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1 gap and 2 gap 3-4

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#1 dawg4life

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Posted 24 January 2010 - 08:15 AM

2 GAP 3-4-Groh

The 2-gap alignment leaves both offensive guards uncovered by defensive linemen. Instead each ILB covers the “bubble” left by the line. This kind of 3-4 requires a specific class of player. The defensive linemen have to be monsters, able to handle the lineman in front of them and control the gap to either side. Ideally, they’re disruptive enough that the guards have to help in many cases. The inside linebackers need to be big enough to take on a guard on every play if the linemen aren’t good enough to keep them clean.

It’s Parcells’ “Planet Theory” - there are only so many men on the planet big and athletic enough to play defensive lineman in the NFL. To some extent, that theory also applies to the linebackers in a 2-gap 3-4 scheme. Guys like Dat Nguyen won Parcells over, but he wasted no time in looking for guys like Bradie James and Bobby Carpenter and Kevin Burnett to replace smaller players like Dexter Coakley.

Parcells liked the 2-gap 3-4 for a number of different reasons. It’s design makes it more difficult for the offensive linemen to get an angle on his defenders. It makes it easier to drop eight men into coverage and prevent big plays. It makes it easier for a stud OLB to get an angle in pass rush and generate pressure with just four rushers. But it’s also more difficult to play in today’s NFL. Those planet-like defensive linemen are getting harder and harder to find.

1 GAP 3-4-Grantham

The attacking, aggressive style of play of the one gap 3-4 has stood the test of time better than the read-and-react style for much the same reason that the under 4-3 has. It allows players to attack the offense, specifically its ability to disguise the fourth (and fifth or sixth) pass rusher and the coverage behind. In fact, there are a lot of under front concepts in the Phillips 3-4.

Unlike the true 2-gap 3-4, there’s no definite “bubble” in this particular front. The strong side end slides down in the guard-tackle gap and the nose tackle slants to the weak side center-guard gap. The weak side end may or may not be head-up on the tackle, sometimes aligning in a 5-technique. Moving the defensive lineman by just 12 inches changes the philosophy entirely. It’s easy to see how the mindset of the defensive linemen changes. It’s clear that the two inside linebackers can be, if the linemen are disruptive at all, better protected from the blocks of interior linemen. You can see the lines of attack for a delayed ILB blitz or how each OLB might get a jump by shifting one defensive end to the outside of an offensive tackle.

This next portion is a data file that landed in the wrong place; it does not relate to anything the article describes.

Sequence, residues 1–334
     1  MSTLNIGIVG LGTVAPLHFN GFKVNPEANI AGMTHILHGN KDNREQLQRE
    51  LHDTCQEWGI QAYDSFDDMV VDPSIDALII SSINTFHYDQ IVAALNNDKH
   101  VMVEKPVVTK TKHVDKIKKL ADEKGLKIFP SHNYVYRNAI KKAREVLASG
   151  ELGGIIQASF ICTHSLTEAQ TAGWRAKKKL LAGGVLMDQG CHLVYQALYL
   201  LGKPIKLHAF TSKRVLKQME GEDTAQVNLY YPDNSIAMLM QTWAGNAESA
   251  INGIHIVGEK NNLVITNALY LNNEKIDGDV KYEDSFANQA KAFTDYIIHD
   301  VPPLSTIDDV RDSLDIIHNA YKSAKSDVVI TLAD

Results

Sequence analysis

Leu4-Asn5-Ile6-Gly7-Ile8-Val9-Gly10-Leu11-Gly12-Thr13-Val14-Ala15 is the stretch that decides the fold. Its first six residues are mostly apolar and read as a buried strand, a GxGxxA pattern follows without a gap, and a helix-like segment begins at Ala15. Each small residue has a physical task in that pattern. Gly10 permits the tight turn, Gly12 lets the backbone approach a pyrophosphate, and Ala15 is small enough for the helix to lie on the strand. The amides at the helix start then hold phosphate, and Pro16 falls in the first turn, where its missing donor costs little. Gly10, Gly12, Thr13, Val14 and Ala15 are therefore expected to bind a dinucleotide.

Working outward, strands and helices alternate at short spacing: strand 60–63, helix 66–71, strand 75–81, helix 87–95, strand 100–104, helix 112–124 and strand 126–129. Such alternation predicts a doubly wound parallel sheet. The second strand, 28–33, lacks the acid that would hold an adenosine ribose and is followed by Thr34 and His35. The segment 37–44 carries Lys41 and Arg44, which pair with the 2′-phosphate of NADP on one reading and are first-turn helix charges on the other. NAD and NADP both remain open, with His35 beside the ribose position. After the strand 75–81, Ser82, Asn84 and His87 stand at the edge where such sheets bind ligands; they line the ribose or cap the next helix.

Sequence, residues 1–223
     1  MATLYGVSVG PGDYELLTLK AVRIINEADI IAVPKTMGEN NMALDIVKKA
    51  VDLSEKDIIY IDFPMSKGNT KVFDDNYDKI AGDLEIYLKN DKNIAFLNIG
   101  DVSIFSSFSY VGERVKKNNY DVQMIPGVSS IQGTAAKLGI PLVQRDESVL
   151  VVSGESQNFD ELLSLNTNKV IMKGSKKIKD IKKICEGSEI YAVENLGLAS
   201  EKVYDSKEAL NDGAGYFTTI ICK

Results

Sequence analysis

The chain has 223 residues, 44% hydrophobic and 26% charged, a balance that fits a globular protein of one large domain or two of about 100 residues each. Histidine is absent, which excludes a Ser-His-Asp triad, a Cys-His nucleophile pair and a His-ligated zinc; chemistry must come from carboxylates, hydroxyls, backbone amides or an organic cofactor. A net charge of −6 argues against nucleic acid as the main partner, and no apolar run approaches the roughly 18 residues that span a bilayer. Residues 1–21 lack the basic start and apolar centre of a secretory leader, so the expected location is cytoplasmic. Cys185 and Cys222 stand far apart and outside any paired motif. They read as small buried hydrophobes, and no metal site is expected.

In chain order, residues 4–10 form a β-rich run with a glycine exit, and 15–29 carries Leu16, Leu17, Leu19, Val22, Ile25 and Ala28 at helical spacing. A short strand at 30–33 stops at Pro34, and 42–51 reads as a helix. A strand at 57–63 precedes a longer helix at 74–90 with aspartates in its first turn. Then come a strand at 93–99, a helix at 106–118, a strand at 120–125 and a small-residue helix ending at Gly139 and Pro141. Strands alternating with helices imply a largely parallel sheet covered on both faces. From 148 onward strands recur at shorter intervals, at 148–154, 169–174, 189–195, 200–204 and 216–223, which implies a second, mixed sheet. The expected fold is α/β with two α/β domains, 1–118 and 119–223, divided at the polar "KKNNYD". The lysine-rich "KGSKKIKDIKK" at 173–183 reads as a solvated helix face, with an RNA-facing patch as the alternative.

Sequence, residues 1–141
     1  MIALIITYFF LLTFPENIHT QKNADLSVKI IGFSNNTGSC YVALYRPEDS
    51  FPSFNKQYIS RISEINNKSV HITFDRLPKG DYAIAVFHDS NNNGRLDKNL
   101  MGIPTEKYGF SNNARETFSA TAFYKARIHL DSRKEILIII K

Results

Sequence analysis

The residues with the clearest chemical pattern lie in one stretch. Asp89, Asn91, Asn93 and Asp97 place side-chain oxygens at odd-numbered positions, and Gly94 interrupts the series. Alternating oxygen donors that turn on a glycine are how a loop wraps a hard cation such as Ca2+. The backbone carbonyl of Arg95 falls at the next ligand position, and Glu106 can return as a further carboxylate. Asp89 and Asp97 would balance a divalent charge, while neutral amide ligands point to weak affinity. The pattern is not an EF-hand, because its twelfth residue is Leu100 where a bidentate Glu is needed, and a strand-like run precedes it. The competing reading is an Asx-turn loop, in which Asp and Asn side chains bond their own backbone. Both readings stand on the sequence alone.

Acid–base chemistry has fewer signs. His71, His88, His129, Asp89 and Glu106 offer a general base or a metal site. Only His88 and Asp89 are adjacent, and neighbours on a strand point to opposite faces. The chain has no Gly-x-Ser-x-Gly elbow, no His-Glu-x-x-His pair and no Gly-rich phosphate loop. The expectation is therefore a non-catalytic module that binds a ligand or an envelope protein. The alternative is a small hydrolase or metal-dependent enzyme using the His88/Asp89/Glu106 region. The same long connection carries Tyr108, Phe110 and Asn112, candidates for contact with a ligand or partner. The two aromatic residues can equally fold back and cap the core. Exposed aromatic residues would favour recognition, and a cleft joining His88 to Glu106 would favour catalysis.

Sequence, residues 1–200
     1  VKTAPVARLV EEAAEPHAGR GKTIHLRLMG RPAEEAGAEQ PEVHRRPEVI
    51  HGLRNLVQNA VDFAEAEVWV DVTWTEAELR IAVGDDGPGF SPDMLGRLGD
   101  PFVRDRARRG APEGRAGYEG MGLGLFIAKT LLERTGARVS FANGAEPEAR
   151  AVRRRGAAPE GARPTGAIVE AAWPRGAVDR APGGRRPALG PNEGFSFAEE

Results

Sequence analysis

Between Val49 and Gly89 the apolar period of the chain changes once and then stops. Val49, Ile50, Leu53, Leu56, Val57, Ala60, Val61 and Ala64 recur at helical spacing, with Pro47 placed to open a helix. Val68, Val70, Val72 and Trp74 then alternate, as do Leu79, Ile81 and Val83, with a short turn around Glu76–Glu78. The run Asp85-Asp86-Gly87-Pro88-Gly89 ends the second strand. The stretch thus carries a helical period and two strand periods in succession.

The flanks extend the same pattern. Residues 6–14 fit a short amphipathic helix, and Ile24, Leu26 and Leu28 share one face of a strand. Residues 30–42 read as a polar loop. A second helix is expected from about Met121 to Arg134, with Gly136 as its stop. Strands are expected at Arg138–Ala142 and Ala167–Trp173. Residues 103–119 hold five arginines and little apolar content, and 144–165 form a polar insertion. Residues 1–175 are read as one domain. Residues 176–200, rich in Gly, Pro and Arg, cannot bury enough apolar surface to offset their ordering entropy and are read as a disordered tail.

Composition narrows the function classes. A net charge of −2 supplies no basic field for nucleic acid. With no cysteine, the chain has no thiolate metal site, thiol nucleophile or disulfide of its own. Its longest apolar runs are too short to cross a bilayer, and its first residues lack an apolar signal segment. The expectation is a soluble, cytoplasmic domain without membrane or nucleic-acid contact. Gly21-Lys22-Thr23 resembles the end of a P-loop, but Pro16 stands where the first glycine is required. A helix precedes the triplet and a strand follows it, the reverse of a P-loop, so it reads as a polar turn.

The DL penetrates, and is charged with constant harrasment of the QB. The LBs are typically fast, and at least one of them will blitz on any given play. The reason for the near constant 1-LB blitz is to account for the fact that the outnumbered DL is also relatively undersized and only one-gapping. However, the adjustments work out well. The OL never knows who the blitzer will be, or where he will come from.

The school of thought for the Phillips 3-4 is the need to pressure against the QB to stop the pass threat, and this is done by varying who the "fourth rusher" (who is really a blitzer) is. Add another blitzer in here and there, and the speedy/aggressive Phillips system is a threat to QBs, and attempts to get turnovers by slashing the time that a QB has to make decisions.

#2 Enlightened32

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Posted 24 January 2010 - 10:06 AM

Dallas led the NFL is sacks in 08, had the 8th best defense in the league this year, and allowed the fewest points in the NFC. Id say this defense works. I cant wait to see it in Athens.

#3 CrimsonKat

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Posted 24 January 2010 - 11:54 AM

It appears Grantham has adjusted his defenses since working for Saban, but just for informational purposes, Saban runs a split of one-gap and two-gap within the same alignment (which appears to be pretty unique).  His system is called the Over/Under 3-4.  

We have a 30 side and a 40 side on defense.  

The 40 side plays a two technique and includes the Nose and the Strong defensive end.  The Nose plays a two technique (we actually call it the 0 technique) and we have a strong defensive end who also plays the two technique.  So, for example, you have Cody and a strong-side end, like Lo Washington, who hold blockers.  The goal is for them to take up three blockers.  

The 30 side on rush down plays the one technique so you would have a weak defensive end (Marcel Dareus) and a jack linebacker (Eryk Anders) who can come up to rush.  This is referred to as the Bubble side and a MIKE Linebacker (Rolando McClain) always lines up on this side.  

If we are in the Under front, the two technique will be declared by the MIKE to the side with the tight end (or strong side of the offensive front).  If we are in the Over front, the two technique will be declared by the MIKE to the side away from the tight end.  As offensive personnel shift (i.e., TE in motion across the front), the MIKE shifts the 30 and 40 sides.  

Pretty complex system and you have to have a sharp MIKE linebacker (see McClain), but really creates the best of both worlds with containing the run game and placing pressure on the Quarterback.

#4 SacFalcFan

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Posted 29 January 2010 - 01:31 PM

Crimson you will laugh at this.. mike farrell from rivals said during an interivew yesterday discussing uga and us moving to the 3-4: he said that championships teams in today's college football do not run the 3-4.